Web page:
Home Authors Posts by Emily Sullivan

Emily Sullivan


At Morningside Elementary, the triathlon team is the next big hit

Cat Feeney, Lauren Anthony, and Emily Morris race through the finish line of the triathlon.

Photograph by Emily Sullivan

Niccole Burton’s two daughters have dabbled in everything from dance to basketball to robotics. They’ve tried it all at Morningside Elementary School, and for no small cost—for one semester last year, the Burton family paid the school $750 for extracurricular programs.

Nadia Burton, 7

Photograph by Emily Sullivan

A runner and swimmer, Burton was thrilled when her daughters Nadia, 7, and Sienna, 9, joined Morningside’s new triathlon team—especially when Nadia won first place last year in her six-and-under age group. Burton says the triathlon team, which in the spring had 57 members from kindergarten through fifth grade, has been an exciting activity that allows her daughters to find camaraderie with their schoolmates. The group operates mostly independently from the school; and while team members cover bicycle and race costs, there are no membership fees.

Aly Nussear, a Morningside physical education teacher, started the team last year. She aims to have 65 participants this fall. After only one practice, ten kids competed in the school year’s first triathlon—a 75-meter swim, 4-mile bike ride, and 0.6-mile run—on August 5 in East Cobb County.

Darren Jeckewicz, Dru Jeckewicz, Lauren Anthony, coach Aly Nussear, Emily Morris, and Katharine Dziuma

Photograph by Matt Anthony

“The kids love being a part of the team,” says Nussear, who’s invested hours in fundraising to support her students, providing Lock Laces (no-tie shoelaces), race belts, and transition mats for practices. The Morningside Foundation granted Nussear about $2,000 to get certified as a USA Triathlon coach, she says, and parents have willingly chipped in for equipment and other gear.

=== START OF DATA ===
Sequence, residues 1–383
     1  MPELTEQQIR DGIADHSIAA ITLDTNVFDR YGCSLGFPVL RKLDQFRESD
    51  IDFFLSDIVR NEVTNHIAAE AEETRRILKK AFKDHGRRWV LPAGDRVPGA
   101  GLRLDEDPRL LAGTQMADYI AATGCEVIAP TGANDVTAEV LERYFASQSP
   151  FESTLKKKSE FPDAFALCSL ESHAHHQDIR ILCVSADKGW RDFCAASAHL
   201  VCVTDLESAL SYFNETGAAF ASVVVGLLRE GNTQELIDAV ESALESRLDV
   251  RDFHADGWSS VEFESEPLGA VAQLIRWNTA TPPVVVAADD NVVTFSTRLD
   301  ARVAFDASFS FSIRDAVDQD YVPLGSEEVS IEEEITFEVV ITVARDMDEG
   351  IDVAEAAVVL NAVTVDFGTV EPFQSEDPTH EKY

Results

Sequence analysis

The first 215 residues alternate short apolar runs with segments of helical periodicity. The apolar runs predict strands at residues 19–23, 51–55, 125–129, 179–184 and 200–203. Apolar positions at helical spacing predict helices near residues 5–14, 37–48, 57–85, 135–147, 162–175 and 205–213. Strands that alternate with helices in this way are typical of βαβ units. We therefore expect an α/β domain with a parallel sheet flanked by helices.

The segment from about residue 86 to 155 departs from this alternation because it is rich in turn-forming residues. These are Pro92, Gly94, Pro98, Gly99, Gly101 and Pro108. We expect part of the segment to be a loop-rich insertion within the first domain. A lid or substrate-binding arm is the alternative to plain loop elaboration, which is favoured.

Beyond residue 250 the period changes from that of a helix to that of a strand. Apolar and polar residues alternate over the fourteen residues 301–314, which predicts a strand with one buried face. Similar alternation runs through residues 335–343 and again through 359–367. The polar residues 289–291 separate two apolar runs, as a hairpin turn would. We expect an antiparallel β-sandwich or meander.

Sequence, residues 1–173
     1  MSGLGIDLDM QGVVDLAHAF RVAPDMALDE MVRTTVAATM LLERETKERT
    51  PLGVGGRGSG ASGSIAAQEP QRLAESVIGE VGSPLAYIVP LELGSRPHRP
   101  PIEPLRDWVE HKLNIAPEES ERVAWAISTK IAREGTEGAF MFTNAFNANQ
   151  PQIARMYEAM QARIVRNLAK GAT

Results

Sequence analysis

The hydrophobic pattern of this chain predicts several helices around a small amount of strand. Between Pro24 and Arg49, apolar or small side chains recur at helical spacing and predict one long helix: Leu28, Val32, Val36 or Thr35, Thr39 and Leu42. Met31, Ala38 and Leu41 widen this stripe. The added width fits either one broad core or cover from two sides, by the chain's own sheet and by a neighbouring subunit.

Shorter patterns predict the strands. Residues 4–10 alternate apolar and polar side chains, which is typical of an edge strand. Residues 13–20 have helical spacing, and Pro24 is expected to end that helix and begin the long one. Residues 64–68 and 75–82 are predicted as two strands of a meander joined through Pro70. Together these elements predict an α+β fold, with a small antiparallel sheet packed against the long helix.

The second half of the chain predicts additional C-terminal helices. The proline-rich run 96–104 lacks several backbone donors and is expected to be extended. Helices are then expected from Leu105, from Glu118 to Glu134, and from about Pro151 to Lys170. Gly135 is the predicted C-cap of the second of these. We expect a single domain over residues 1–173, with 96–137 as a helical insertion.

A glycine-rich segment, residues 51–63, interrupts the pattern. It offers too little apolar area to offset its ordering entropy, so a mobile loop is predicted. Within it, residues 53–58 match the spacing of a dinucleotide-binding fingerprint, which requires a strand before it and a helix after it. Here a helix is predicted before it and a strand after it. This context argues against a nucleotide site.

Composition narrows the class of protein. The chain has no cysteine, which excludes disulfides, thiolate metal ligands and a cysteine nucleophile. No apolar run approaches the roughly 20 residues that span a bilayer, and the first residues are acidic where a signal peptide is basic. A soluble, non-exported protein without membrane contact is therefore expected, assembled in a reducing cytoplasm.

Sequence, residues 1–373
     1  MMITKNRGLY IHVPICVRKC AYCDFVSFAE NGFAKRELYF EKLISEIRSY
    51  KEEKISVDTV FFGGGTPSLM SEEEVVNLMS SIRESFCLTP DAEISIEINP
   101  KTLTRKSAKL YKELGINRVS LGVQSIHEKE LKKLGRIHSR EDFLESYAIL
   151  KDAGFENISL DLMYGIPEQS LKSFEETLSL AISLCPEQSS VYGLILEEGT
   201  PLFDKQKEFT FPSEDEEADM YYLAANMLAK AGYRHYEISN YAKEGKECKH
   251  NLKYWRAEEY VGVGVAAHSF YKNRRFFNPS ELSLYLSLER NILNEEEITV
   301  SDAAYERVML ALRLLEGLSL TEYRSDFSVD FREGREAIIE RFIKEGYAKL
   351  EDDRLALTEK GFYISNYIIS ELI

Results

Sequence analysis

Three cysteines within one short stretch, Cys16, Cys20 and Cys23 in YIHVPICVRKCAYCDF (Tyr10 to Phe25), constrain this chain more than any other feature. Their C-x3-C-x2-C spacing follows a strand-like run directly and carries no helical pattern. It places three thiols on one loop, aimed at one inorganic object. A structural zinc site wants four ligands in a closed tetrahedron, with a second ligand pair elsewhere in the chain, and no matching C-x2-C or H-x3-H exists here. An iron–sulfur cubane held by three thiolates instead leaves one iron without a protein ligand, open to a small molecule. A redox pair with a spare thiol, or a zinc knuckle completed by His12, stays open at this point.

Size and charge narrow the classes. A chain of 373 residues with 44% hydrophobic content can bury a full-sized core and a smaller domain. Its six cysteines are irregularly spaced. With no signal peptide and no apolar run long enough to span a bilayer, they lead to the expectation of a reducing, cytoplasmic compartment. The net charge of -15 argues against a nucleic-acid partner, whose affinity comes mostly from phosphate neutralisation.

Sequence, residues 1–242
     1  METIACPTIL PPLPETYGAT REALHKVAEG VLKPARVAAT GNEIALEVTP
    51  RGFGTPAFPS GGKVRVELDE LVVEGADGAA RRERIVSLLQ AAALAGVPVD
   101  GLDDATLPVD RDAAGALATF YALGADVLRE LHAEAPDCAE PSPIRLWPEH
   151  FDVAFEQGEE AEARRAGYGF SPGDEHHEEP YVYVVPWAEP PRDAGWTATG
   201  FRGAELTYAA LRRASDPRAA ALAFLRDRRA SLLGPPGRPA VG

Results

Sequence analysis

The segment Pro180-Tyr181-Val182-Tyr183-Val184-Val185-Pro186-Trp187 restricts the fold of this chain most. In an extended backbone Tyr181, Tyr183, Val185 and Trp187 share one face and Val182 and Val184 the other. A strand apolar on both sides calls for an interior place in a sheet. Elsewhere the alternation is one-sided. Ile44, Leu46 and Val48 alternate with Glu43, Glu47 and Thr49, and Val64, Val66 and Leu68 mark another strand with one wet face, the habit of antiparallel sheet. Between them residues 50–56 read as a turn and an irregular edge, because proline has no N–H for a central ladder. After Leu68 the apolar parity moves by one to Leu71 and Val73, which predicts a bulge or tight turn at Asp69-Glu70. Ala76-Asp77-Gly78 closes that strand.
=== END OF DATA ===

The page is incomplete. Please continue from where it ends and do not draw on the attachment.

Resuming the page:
Dave Dziuma’s daughter Katharine, 8, joined the team last year. She’s since traded her ice-cream-cone-decorated bike for one with advanced gears. Likewise, Dianne Jeckewicz, who has three kids on Nussear’s team, has observed a transformation in her 11-year-old son Darrin, who used to shy away from competition. Triathlons have also let Jeckewicz engage more with her kids, cheering them on during races and helping them transition from swimming to biking to running. Nussear says the ease, and necessity, of parent involvement is one of the things that makes triathlons unique among other sporting events, “where you [just] watch stuff happen.”

Cat Feeney races in the triathlon.

Photograph by Matt Anthony

Cat Feeney and Sienna Burton run to the finish line.

Photograph by Matt Anthony

Nussear herself is what makes this particular team unique, says Morningside principal Audrey Sofianos. Nussear, who started competing in triathlons herself about three years ago, begins her practices promptly at 7:15 a.m. twice per week. Since the school has no track or swimming pool, she uses these mornings to drill swim skills with scooters and improvises with other equipment for all sorts of activities. Nine-year-old Emily Morris says she enjoys going to practice with Coach Nussear, and that it’s what wakes her up—instead of slumping over a bowl of cold cereal. When asked if such early morning workouts were exhausting, Morris scrunches her face and shakes her head. “You get used to it,” she says.